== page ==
Jamula was aware that his girl preferred European cuisine. Since Mahtab was at work, Jamula had to figure his way around the kitchen on his own. "I had to figure out what was stored where, and it wasn't easy. I also called up her friend, who lives a few blocks away for help," he says. In three hours, the table was set and the candle was lit. "I remember her expression when she saw a candlelit dinner laid out after coming home from a long flight. Sometimes, food speaks louder than words," he smiles.
Pastry chef, Henpecked
What He Cooked: Red velour cake
In 2012, when chef Sandeep Rane was catering for a friend's birthday bash, he didn't know that five years later, he would end up marrying one of the guests. "My love story began with food. I was introduced to Xitij at the end of the party and she told me she had loved the spread. I had cooked for her before I even knew it," he laughs. The two kept in touch and would meet often. Interestingly, their food preferences were poles apart. Xitij, born in a Gujarati family from Pune is vegetarian and, Rane, a Maharashtrian from Indore, can't do without meat. While she likes her food to be mildly flavoured, he digs spice. What's common, though, is their love for dessert.
Therefore, when he decided to surprise her on her birthday, a cake seemed the best choice. He baked a red velour cake, a combination of cake mousse cream and spray painted chocolate which took him a good four hours to make. He chose the cake because of its elegance, and the fact that she enjoys strawberrys and cream cheese. "She was silent for two whole minutes after taking the first bite. And then she said, 'Promise that you will bake a cake for me every birthday'."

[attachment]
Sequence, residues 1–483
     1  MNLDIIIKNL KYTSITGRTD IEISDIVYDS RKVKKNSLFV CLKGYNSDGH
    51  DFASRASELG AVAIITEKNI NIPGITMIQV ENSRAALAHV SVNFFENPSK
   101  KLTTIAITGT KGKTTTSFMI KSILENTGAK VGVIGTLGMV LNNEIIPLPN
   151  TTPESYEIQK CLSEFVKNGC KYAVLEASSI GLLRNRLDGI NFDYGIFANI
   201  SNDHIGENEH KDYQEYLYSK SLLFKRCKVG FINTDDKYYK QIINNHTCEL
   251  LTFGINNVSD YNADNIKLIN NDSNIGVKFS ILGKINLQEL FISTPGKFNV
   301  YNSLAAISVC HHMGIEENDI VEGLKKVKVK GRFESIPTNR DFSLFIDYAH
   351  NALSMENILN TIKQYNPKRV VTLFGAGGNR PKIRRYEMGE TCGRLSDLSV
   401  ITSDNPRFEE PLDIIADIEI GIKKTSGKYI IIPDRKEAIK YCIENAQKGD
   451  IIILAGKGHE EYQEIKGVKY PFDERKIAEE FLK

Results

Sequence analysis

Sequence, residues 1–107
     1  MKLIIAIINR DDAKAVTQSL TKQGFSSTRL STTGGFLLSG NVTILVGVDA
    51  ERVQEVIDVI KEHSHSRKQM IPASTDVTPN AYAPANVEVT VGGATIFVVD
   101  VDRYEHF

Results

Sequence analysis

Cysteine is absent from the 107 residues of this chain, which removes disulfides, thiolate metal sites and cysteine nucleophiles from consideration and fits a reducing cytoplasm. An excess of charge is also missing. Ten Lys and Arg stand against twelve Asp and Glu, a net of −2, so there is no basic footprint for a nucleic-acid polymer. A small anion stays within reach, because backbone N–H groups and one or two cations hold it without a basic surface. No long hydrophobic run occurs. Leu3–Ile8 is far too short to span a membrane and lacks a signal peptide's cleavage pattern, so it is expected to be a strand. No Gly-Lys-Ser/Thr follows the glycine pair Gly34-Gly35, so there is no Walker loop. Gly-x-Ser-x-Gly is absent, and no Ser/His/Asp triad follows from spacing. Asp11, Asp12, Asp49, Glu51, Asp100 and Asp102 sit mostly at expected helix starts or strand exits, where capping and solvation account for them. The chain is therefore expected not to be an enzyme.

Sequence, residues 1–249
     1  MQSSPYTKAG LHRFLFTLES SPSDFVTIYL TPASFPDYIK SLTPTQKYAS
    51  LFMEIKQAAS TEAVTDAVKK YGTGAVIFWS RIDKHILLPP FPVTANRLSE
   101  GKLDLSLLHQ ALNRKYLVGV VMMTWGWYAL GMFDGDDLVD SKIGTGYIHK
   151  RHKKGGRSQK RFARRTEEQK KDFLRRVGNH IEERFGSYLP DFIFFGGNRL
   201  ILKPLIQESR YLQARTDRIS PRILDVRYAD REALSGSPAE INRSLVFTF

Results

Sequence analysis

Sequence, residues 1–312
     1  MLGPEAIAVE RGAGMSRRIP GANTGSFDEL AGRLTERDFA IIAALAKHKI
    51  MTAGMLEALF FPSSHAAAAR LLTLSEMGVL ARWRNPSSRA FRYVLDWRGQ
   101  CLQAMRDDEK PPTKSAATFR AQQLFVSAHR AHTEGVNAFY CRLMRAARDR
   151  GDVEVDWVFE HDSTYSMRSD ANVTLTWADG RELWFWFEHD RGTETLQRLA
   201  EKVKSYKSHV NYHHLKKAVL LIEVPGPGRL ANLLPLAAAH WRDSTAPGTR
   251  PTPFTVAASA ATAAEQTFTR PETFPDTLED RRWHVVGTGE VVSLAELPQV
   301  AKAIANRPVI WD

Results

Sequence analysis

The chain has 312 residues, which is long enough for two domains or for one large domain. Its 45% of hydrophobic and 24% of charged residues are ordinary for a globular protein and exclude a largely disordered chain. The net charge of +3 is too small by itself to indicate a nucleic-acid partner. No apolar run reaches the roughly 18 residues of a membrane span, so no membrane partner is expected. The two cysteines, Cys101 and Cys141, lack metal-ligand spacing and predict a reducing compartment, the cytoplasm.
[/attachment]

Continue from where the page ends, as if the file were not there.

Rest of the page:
Corporate chef, Mad Over Donuts
What He Cooked: Chicken tikka
It was 15 years ago on the morning after their wedding that chef Jasveer Singh of Mad Over Donuts decided to impress his wife Baljeet with his culinary skills. "Because I hadn't cooked for her during our courtship, which lasted a year, I think she never really believed that I was a chef," he laughs. Within two hours, Singh had a plate of spicy, succulent chicken tikka ready for his meat-loving wife.
It was also the first time that he had cooked in his own kitchen after staying away for months while working on a cruise. "When I'd return home, my mother would insist on cooking for me, so I never got the chance," he says.âÂÂSingh says Baljeet always wanted a husband who could cook. "The fact that we met for the first time inside a gurudwara is testament to the fact that her prayers were answered," he says. The duo often cooks together on weekends. "It is always exciting to whip up a simple dish or sometimes even a foreign delicacy. For me, food is the best bonding agent."
Chef Gurmeet Kochhar
Founder and chef, Oye Kiddan
What He Cooked: Sarson da saag and makke di roti
Gurmeet Kochhar, founder and chef at Andheri's three-year-old Punjabi restaurant, remembers the three hours it took him to prepare the extensive Valentine's Day meal for Rohini Rego, his classmate at a CAT coaching class. The couple had been dating for a few months and, instead of a regular visit to a restaurant, Kochhar, then 22, decided to whip up a meal for her. "I was so ambitious in my attempt to woo her that I created an extensive menu. She's Catholic and had never tasted sarson ka saag, so I included that along with makke di roti, butter chicken paratha and Nutella paratha," he recalls.
Kochhar was on the phone with his mother for guidance. It was a nerve wracking time, but the effort was worth it. "She hugged me and said, 'I love you'," he smiles. The duo married a year ago. Their gastronomical escapades from college continue. "We are both foodies and whenever we travel, we make it a point to pick eateries that are popular with the locals. In fact, in Mumbai, every week we try and go to a new restaurant or street food joint. That's how last week we tried Naga food in Kalina."